Exhibitions and Case Displays
In this photography exhibition, Shah explores very personal themes linked to his family's roots and heritage as Ugandan Asians, and offers wider narratives around exile, displacement and dispossession. In 1972 Idi Amin expelled 80,000 Asians from Uganda. Shah was three years old when his family were made refugees and forced to endure an unexpected journey, leaving their lives and possessions behind and move to the UK.
Shah investigates the past and extracts fragments, narratives and meanings to re-imagine his own family's tale. The exhibition also alludes to the fading of memories, the blind-spots in representing history and to the legacies of colonialism. Further information.
A display of work designed and made by students from Rycotewood Furniture Centre. Inspired by the collections and exhibits at Pitt Rivers Museum, students have used a range of materials and processes to create practical and conceptual pieces. Wood and metal sit with textiles and glass: the processes used include woodcarving and weaving, as well as a wide range of metalworking techniques. The theme of Tools/Craft - Craft/Tools invites the question of which comes first? Does the tool dictate the craft or does the craftsperson control the tool?
Pigeon whistles are small, lightweight whistles carried on the tail feathers of pigeons to create a beautiful haunting sound. Traditionally used for deterring predators or creating a tactical diversion within warfare, they are also used for the enjoyment of their sound. This display has been co-curated by Nathaniel Mann, experimental composer, performer, sound designer, and a former artist-in-residence in the Museum. During his residency he was intrigued by the pigeon whistle display and inspired to design and fly his own versions of the whistle, resulting in a lasting passion for these flute-like instruments. This display includes his 3D printed whistles in brightly coloured plastic alongside historic Chinese and South-East Asian examples. Further information.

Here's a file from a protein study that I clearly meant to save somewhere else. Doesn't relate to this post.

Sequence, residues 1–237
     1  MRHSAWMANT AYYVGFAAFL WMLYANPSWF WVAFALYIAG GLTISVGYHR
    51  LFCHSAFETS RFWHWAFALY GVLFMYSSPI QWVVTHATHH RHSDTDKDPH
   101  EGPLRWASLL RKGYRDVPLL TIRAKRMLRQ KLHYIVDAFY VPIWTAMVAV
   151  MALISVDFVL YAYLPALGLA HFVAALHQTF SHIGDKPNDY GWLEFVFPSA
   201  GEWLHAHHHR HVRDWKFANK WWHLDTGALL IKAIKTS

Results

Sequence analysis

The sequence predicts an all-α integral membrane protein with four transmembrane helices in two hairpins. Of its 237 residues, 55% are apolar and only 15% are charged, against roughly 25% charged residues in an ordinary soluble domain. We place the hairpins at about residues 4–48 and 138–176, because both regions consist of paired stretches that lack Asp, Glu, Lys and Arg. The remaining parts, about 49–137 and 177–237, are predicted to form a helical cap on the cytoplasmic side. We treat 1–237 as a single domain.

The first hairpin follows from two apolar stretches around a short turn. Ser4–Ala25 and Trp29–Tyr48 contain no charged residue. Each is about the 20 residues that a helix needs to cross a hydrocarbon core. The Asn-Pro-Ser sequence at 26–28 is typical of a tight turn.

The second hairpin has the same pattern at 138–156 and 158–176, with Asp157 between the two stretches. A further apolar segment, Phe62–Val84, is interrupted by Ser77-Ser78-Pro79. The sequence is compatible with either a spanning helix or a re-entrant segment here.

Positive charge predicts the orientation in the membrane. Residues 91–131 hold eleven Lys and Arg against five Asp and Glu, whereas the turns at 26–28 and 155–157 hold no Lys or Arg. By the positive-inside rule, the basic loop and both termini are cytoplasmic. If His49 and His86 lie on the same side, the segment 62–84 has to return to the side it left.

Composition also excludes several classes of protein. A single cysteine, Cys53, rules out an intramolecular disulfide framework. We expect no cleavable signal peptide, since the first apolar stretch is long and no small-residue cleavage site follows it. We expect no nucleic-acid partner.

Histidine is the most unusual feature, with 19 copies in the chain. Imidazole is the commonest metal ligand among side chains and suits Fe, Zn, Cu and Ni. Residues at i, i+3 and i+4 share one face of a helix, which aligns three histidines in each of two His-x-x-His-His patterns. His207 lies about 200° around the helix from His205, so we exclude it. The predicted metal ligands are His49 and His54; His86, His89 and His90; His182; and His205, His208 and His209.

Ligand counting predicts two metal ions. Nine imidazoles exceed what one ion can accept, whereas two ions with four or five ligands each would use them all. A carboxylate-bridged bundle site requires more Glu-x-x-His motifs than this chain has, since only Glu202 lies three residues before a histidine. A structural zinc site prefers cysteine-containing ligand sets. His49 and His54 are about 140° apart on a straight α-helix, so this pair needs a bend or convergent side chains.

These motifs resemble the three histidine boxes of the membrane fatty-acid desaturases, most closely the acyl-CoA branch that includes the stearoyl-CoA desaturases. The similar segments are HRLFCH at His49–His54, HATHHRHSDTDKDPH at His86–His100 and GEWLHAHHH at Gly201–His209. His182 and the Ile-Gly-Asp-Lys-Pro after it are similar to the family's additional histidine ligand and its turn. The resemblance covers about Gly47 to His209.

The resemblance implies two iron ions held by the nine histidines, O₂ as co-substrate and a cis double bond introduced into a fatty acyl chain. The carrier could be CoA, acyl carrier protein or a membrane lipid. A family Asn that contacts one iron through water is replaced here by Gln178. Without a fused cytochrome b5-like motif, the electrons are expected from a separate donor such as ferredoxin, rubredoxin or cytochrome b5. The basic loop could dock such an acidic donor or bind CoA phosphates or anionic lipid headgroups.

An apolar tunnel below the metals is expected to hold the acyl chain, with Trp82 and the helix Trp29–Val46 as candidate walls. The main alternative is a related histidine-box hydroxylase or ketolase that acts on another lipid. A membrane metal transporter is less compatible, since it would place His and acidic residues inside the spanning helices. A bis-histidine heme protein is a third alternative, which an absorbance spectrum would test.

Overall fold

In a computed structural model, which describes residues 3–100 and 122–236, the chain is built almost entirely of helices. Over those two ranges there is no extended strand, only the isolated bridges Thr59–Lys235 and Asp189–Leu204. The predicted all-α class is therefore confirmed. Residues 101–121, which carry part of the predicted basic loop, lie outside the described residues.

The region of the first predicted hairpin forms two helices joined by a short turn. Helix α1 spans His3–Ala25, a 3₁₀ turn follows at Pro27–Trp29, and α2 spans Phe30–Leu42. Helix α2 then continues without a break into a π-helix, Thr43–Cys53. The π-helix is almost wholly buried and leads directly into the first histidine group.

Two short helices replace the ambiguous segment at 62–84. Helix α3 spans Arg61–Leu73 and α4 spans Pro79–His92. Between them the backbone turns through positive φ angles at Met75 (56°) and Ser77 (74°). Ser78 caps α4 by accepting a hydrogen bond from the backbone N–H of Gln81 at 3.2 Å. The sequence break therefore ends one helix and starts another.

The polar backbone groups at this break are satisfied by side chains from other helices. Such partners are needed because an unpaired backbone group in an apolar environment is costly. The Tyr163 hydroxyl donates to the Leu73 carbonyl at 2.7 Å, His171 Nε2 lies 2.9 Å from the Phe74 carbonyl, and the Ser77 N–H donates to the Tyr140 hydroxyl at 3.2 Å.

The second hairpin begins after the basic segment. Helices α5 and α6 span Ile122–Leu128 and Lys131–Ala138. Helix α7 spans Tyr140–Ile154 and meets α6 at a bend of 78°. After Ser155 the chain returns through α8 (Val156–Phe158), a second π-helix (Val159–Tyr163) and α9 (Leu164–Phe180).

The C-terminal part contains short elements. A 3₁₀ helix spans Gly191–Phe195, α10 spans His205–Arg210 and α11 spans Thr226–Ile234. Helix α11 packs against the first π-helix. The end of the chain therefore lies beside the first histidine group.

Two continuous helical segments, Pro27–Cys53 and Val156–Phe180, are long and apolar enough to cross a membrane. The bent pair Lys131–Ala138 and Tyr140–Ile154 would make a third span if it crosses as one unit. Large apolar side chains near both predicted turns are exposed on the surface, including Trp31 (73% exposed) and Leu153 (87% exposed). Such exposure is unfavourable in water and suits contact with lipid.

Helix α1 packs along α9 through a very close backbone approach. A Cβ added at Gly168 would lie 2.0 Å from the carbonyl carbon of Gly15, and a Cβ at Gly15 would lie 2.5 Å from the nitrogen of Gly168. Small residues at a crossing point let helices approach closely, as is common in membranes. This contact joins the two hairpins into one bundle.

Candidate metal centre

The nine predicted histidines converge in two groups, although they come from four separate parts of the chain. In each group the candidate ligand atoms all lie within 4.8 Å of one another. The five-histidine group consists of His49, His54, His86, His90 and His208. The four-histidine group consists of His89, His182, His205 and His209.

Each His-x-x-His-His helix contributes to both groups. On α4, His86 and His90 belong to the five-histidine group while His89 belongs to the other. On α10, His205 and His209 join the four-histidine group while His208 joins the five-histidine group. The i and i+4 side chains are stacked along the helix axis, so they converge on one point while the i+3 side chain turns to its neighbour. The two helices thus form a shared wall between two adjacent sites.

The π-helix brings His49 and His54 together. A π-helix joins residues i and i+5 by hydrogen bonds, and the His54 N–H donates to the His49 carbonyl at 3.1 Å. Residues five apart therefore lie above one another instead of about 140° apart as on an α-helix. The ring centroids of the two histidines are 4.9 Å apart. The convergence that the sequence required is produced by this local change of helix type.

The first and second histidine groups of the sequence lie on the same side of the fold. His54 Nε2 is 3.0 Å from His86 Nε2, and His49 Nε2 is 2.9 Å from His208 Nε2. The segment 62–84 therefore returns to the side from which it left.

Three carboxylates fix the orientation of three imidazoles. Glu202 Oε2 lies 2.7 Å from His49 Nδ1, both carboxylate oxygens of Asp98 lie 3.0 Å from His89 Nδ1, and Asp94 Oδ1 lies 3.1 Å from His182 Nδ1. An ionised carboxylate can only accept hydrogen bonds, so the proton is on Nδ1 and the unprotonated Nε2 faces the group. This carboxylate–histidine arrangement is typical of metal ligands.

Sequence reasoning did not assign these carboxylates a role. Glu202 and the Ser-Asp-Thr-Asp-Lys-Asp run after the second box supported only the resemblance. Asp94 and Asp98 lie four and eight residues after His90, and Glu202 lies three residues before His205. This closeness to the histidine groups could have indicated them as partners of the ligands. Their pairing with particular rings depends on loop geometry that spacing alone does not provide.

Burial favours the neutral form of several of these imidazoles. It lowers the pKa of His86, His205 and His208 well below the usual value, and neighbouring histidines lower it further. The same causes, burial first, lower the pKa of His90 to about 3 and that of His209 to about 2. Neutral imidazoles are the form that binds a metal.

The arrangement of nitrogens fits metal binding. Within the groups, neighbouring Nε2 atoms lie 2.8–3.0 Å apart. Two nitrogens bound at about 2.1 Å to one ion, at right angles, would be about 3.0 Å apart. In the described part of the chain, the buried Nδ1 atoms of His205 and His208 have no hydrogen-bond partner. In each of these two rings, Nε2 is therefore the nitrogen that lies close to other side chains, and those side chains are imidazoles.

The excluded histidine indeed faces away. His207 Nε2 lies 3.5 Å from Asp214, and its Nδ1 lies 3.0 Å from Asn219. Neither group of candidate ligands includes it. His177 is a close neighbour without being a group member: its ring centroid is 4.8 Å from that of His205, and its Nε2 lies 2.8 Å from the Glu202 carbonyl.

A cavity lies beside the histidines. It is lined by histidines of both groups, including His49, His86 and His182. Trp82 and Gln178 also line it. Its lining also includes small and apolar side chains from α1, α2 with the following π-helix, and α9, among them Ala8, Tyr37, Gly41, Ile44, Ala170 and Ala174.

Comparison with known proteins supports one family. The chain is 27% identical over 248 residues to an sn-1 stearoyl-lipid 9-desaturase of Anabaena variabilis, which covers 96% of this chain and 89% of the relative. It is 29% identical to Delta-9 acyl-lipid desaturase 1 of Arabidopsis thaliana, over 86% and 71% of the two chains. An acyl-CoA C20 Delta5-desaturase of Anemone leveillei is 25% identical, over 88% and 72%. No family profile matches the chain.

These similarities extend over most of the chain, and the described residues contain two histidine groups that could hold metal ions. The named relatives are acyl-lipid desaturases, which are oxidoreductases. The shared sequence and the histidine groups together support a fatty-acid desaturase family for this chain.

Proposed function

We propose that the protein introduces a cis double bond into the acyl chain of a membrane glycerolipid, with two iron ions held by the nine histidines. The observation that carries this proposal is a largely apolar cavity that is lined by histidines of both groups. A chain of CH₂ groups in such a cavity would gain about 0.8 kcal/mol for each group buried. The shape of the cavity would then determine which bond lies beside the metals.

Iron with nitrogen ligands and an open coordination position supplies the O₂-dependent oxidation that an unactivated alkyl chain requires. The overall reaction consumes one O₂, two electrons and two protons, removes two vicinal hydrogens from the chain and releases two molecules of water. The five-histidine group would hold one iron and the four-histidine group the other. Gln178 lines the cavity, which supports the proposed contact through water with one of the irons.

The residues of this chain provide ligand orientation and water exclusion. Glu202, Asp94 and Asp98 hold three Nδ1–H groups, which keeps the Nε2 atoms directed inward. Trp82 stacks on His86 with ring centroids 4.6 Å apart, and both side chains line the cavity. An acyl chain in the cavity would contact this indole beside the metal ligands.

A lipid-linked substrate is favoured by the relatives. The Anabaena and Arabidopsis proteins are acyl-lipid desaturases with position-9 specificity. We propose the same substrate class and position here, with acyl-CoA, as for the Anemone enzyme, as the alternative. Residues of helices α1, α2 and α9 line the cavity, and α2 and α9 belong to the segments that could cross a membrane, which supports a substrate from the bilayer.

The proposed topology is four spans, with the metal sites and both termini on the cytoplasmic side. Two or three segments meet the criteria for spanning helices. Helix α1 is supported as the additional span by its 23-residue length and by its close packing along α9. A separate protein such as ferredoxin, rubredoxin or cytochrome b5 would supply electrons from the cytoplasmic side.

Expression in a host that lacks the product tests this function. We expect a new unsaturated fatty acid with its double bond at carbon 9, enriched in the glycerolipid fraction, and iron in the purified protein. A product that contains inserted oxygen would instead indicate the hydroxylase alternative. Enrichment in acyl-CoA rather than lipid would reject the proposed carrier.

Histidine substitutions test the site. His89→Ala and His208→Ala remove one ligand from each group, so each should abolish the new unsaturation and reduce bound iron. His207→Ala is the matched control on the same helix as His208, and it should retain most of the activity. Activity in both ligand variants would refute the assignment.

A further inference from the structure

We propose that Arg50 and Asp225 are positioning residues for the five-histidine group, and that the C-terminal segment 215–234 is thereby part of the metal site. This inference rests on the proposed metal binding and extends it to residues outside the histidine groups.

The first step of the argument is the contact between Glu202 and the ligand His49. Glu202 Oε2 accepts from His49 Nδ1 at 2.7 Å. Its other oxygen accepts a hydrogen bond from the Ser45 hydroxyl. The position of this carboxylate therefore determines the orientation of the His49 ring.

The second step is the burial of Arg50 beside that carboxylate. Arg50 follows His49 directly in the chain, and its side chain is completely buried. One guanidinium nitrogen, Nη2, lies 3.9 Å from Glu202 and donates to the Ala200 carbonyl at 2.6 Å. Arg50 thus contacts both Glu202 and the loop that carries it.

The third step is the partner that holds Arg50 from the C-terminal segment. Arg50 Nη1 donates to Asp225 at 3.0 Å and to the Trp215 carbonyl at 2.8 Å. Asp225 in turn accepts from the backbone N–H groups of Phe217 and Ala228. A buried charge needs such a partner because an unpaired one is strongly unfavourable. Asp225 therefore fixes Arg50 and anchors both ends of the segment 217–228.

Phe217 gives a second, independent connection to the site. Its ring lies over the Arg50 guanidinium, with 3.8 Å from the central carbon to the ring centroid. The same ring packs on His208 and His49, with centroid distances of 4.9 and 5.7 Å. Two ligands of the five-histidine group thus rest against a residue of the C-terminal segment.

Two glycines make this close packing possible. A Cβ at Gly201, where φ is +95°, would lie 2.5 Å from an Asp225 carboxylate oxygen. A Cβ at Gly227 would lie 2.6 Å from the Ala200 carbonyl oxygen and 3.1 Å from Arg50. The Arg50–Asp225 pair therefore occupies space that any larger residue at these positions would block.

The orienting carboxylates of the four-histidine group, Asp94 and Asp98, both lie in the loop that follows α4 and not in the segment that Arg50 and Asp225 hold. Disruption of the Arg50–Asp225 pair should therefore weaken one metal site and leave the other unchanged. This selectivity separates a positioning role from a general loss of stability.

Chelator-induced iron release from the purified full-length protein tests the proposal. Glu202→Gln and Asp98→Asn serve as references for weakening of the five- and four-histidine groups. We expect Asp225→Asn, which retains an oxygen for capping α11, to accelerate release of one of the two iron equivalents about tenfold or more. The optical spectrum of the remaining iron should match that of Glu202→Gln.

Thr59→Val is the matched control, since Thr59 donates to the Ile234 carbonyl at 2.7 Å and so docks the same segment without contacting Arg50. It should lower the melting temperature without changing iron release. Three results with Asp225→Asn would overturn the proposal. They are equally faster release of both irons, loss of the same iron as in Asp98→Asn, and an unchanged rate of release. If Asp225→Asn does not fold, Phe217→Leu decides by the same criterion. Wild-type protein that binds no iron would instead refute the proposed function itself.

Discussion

This exhibition presents a selection of photographs showing Marshal Josip Broz Tito taken during official visits to various African countries in the post-war period. The Yugoslav leader visited the continent regularly from the 1950s to further diplomatic relations and establish bilateral trade deals, and to foster support for Yugoslavia's regime during a time of political entrenchment in Europe but considerable change in Africa. Recording a perspective on the Cold War little known or acknowledged in the West, the photographs highlight Tito's meetings with African leaders and his interaction with the people and cultures of these countries, as well as showing moments of leisure, especially during major tours of 1961 and 1970. Further information.
This display has been created by artist Anne Griffiths, based on historical descriptions of real artefacts found on the PRM database. There were no photographic images on record at the time of making, so they have been created purely from the imagination. By examining the customs and rituals of a variety of cultures, both the similarities and differences in tradition become apparent and associations can be made between historical, geographical and contemporary fashions. Further information.
A photographic exhibition by John Wreford. Visit the Upper Gallery to encounter large scale portraits of people displaced from Syria, now surviving and thriving in Istanbul, Turkey. Each person photographed has written powerful testimonies about their experiences. Exhibition in English and Arabic.